Cyborg’s backstory is having most of his body destroyed and replaced by machines, including a replacement eye and arms. Disability issues often aren’t addressed in stories like this. When prosthetics give someone superhuman abilities, it’s usually handled as though there aren’t any issues at all. That isn’t the case here, though the way it was handled wasn’t perfect. I liked that the cybernetic technology is treated as the untested equipment that it is, with the concerns that raises for Cyborg about what’s happening to his body. He also faces being treated like a science experiment by the scientists, including his own father. The struggle against feeling dehumanised is linked back to how he felt just after the accident, when he was hesitant to go outside due to reactions from other people. Even after becoming a superhero, he faces people asking him invasive personal questions, from how he goes to the toilet to his sex life. Superhuman prosthetics don’t make these social consequences go away.

Other social concerns are touched on in the early part of the story, such as differing access to medical care. A man with a missing eye and crude prosthetic arm is one of the protesters outside the labs. Detroit is suffering financially, and access to the best medical care is not something everyone has. This leads to body shops, where people can have untested cybernetics attached. It’s an option that can be within reach for people failed by the medical system, but it means surgery in shady back alley establishments and uncertainty about what the cybernetics will do.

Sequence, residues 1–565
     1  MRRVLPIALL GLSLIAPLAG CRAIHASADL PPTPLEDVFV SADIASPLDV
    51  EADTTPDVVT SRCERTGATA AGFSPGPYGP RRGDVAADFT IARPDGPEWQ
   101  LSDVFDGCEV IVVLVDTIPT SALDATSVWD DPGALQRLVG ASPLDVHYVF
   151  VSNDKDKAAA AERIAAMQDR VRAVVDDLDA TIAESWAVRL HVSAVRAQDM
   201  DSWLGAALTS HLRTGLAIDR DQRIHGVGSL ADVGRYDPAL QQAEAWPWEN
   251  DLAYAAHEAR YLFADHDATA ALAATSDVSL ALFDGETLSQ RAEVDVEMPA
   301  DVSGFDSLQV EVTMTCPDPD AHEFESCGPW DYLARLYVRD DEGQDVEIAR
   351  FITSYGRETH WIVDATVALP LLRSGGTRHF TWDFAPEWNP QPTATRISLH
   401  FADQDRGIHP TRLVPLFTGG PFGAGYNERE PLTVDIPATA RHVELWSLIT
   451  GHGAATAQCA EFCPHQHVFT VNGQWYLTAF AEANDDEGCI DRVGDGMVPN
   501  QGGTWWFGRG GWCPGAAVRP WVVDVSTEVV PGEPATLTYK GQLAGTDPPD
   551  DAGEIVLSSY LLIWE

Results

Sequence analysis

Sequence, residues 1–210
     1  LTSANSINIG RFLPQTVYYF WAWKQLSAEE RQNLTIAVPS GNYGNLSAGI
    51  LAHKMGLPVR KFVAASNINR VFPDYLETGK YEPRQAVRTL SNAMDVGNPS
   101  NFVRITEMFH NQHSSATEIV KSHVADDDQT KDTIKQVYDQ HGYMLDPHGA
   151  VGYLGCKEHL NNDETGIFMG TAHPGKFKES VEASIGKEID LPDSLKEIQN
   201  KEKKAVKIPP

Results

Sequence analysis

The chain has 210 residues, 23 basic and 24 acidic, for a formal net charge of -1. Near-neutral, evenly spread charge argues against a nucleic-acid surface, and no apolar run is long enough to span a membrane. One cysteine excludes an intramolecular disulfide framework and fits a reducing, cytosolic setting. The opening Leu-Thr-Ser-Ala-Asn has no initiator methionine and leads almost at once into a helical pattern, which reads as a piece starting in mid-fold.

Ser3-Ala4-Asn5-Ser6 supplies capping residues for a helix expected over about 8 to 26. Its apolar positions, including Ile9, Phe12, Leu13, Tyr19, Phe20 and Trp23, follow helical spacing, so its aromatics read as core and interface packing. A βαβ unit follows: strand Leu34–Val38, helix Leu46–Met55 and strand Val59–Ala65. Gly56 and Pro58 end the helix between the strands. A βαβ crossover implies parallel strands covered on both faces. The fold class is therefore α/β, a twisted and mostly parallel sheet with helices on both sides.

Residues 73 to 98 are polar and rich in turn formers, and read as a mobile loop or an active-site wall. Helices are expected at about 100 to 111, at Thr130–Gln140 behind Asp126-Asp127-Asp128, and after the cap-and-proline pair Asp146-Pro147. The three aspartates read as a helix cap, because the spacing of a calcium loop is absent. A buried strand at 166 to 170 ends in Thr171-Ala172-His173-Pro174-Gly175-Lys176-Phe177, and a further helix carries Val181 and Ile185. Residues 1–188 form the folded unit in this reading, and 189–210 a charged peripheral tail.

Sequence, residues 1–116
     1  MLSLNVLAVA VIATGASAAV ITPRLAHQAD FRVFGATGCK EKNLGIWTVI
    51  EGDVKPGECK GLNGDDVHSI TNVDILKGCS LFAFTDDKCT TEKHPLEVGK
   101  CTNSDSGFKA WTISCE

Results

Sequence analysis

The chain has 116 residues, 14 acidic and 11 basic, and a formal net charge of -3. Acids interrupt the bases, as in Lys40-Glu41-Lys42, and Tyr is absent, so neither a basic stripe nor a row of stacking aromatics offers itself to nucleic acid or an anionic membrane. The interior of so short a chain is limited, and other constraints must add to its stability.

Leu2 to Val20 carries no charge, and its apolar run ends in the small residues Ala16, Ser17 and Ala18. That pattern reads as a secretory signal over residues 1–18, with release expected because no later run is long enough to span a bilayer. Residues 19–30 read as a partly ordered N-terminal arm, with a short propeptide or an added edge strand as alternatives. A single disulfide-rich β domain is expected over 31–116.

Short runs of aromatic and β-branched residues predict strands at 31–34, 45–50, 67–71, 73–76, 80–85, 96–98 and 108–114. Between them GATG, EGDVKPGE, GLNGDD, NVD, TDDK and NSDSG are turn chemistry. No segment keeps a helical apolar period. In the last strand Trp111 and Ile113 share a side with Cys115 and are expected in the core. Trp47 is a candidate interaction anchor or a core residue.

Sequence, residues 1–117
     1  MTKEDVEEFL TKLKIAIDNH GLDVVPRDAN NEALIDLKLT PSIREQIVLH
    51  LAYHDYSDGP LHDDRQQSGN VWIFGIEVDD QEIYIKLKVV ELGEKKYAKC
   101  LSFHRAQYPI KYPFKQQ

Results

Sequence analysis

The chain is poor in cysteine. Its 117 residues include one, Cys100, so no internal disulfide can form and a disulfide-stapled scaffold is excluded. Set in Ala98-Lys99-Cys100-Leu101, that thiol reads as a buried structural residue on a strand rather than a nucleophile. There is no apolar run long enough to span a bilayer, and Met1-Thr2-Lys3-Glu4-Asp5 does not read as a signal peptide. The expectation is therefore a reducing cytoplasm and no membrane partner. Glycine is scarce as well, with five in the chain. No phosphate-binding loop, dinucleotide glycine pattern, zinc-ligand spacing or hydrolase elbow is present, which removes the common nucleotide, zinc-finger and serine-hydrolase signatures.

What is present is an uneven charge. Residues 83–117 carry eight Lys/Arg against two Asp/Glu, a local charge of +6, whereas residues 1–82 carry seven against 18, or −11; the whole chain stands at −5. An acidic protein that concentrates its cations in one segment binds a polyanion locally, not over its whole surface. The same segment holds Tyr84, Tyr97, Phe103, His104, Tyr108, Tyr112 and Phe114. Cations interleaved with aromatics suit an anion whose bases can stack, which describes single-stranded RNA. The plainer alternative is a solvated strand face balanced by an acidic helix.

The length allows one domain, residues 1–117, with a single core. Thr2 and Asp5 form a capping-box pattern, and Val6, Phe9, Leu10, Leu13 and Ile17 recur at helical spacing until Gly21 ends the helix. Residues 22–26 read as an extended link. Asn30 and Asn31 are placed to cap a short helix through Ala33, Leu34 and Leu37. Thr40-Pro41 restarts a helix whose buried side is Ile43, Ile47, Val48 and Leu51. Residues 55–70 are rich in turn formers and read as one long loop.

It was a great setup… but it gets lost once the action starts, and is wrapped up neatly in a simplistic cure narrative. This highlights an issue with the aftermath in general. I’d expect a lot more devastation left behind, rather than things going back to normal so quickly. The way everything wraps up feels rushed.

I also would have liked to see more of Sarah. She’s shown as a supportive friend, and possible love interest, but doesn’t get to do a whole lot. I couldn’t say much about her. I want to see them as friends before I can really buy them as a possible romance.

I don’t think this is a bad introduction to Cyborg’s solo adventures. It has some time to develop him as a character, as well as some action. There’s more to explore when it comes to how his cybernetics are changing. The ending was the weakest part, though there is the potential to address those themes in more detail in future stories.

[A copy of this book was received from the publisher for review purposes]